There’s a resilient cheerfulness here, a very British refusal to take things seriously.
Chris Roberts 2011
Whereas some singers resist the ageing process as if their careers depend on it – and in many cases they do – others embrace it, turn it to their advantage, and reinvent themselves as sage veterans, delivering wisdom and pathos in every world-weary line. The final Johnny Cash records did this best, but several senior crooners have tried since, with varying levels of conviction and success, from Neil Diamond to Tom Jones. Somewhat frighteningly, the punk generation appears now to be adopting this approach. Nick Lowe made his name with albums like Jesus of Cool and Labour of Lust as a new-wave songwriter’s songwriter, a less-marketable version of friend-ally Elvis Costello. On his first release since 2007’s At My Age, he’s languid and laid-back, offering lines like, in Checkout Time, "I’m 61 years old now / Lord I never thought I’d see 30".
He chooses that most conservative of genres – the subtly-styled country ballad – to underscore his pithy observations here. Most songs deal in gentle metaphors or pragmatic truths regarding mortality; but there’s an inherent, resilient cheerfulness in Lowe’s persona – a very British refusal to take things too seriously – which means it’s all winks and nods rather than tears and traumas. This may prove frustrating to some, encapsulating why he’s perceived as a minor talent – a "good bloke" – rather than a blazing genius, but to diehards it is precisely what makes him great. On much of The Old Magic, he’s Richard Hawley unplugged.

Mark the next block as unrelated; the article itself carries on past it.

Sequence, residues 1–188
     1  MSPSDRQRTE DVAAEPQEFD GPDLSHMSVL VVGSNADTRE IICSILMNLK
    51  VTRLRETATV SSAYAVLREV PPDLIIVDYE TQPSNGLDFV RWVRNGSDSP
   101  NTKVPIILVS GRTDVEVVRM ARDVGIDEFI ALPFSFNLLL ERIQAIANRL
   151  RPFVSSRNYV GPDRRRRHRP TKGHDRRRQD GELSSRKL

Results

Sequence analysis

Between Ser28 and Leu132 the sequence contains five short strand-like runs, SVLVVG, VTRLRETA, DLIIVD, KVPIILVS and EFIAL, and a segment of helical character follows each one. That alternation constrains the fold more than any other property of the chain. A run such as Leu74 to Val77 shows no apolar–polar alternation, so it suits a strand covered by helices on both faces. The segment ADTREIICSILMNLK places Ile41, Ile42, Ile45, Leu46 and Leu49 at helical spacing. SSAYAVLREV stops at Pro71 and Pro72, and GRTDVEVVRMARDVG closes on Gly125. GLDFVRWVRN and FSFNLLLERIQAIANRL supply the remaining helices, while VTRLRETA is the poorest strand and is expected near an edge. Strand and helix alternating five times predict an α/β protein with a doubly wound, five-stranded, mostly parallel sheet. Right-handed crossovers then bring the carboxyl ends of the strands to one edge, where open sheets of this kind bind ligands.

A cover of Costello’s The Poisoned Rose is darker, but generally Lowe soldiers on with the stoicism of those to whom self-pity is anathema. Sensitive Man is a dated romp, but Restless Feeling merges doo-wop and some Fred Neil techniques to fine effect. If I Read a Lot recalls Don’t Get Around Much Any More, made famous by The Ink Spots, it’s Nat King Cole who most frequently comes to mind, Lowe’s voice now almost a facsimile of those soft, sensuous tones. For all the surely deliberate fleeting echoes of George Jones, Jim Reeves or even Bing Crosby, it’s Cole he most resembles. High praise, indeed.